UFC: The Official Magazine catches up with Forrest Griffin and Stephan Bonnar for an inside look at their historic bout in the season one finale of The Ultimate Fighter.
In 2005, the UFC made a final gamble at getting mainstream exposure in the form of The Ultimate Fighter. If the show failed, odds are the entire organization would have folded. Obviously, that was not the case. The inaugural season of TUF was an unmitigated success capped off with arguably the most important 15 minutes in UFC history when Forrest Griffin and Stephan Bonnar fought at the finale on April 9, 2005. The impact of the bout reached beyond a mere win or loss on each man’s record. “It’s a good fight, but it’s more than that,” Griffin says. “It was the right moment at the right time at the right place. A confluence of circumstances caused it to be what it was. And for me and Stephan, it changed our lives.”
Filming for the show started in late 2004, but some doubted the production would even reach a finale episode. “A lot of the production staff didn’t think it would even air,” Bonnar remembers. “They would joke about it. In my head, I was thinking, ‘Am I crazy?’ Because I knew it was going to work.”
In a way, Griffin and Bonnar—as well as every cast member of the inaugural season—were in the same situation as the UFC. Griffin left his job as a police officer in Athens, Georgia, packed all of his belongings in a storage unit, and moved to Las Vegas. Bonnar contemplated returning to school to continue pursuing a degree in physical therapy before the show. Both fighters had experience fighting around the world. Between them they had faced names such as Dan Severn, Jeff Monson, Lyoto Machida, Brian Ebersole, and Chael Sonnen. But at that point, fighting did not provide a living. The UFC contract meant no more side jobs, a chance to focus on training, and nothing else.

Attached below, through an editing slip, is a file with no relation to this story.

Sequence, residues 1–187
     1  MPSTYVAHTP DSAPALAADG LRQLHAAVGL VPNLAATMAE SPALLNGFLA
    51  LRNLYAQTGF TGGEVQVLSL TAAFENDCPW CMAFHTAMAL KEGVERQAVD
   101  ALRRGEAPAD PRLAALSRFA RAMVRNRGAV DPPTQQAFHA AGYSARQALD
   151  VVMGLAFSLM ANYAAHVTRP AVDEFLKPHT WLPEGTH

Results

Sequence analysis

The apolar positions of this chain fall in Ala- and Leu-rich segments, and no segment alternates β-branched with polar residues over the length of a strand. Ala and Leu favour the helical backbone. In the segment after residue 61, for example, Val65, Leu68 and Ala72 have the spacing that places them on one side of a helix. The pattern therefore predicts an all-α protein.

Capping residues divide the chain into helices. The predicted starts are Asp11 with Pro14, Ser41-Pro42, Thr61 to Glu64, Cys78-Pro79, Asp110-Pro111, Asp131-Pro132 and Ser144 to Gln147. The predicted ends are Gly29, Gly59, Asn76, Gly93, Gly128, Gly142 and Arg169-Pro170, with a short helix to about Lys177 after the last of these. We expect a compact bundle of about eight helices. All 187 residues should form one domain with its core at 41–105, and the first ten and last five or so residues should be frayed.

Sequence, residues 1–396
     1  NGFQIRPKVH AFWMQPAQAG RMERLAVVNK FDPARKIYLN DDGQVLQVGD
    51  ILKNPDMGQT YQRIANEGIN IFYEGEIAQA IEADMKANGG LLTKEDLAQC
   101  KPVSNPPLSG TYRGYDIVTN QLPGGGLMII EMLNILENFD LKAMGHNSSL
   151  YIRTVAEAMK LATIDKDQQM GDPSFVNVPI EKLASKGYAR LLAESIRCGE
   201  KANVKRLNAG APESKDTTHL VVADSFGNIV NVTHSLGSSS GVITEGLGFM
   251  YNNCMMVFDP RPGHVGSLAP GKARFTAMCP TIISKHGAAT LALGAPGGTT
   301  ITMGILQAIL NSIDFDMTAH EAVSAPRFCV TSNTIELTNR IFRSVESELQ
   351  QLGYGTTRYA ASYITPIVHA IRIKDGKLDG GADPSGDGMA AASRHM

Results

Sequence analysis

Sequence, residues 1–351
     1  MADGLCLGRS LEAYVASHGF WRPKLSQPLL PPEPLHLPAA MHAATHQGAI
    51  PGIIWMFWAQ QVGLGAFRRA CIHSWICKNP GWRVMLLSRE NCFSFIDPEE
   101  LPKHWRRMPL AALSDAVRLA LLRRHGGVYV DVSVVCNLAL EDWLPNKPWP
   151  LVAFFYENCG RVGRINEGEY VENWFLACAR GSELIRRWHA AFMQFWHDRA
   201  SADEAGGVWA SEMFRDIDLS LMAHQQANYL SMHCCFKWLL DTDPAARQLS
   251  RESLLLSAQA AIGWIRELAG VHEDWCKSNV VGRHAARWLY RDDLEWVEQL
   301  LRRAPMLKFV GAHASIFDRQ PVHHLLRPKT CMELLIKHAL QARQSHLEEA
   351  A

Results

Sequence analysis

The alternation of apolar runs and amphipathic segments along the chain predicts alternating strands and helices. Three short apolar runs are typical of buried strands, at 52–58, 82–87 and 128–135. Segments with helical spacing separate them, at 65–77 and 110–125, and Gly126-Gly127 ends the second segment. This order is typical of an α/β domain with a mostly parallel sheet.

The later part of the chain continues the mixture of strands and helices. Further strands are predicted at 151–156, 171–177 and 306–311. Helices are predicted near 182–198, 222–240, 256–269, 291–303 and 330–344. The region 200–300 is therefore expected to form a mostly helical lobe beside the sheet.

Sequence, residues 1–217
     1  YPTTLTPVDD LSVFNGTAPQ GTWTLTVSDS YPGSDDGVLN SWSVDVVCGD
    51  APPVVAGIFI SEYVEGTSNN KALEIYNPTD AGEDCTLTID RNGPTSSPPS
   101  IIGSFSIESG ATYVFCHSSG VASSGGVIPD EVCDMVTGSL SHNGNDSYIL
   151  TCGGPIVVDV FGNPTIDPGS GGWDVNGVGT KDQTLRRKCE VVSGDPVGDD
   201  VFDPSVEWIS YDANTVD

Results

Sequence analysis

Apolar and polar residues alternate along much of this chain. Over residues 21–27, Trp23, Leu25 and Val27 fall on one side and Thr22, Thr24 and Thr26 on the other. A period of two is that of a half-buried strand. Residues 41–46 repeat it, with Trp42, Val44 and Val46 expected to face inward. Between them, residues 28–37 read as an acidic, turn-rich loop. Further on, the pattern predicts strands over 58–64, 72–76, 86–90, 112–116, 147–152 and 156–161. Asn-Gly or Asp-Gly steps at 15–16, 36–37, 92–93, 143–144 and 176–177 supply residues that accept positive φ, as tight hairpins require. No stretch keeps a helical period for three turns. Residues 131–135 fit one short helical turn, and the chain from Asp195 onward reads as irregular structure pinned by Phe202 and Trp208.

The night of the fight, Griffin and Bonnar went through their standard routine, but the enormity of the situation and the stakes were not lost on them. “I was nervous, and my stomach was a little messed up from the weight cut,” Griffin says. “I was drinking Pepto backstage and Adam [Singer] said, ‘Give me some of that.’ I remember thinking, ‘That’s a bad sign when your cornerman needs some Pepto-Bismol because his nerves are shot.’”
While warming up, Bonnar watched as fellow Team Couture member Kenny Florian lost by first-round TKO to Diego Sanchez in the middleweight finale. “I saw Kenny get beat by Diego and thought, ‘Oh damn, I hope to God that doesn’t happen to me,’” Bonnar remembers with a laugh. “Anything can happen in there and I’m thinking, ‘Please God, let me do my best. Don’t let that happen to me.’”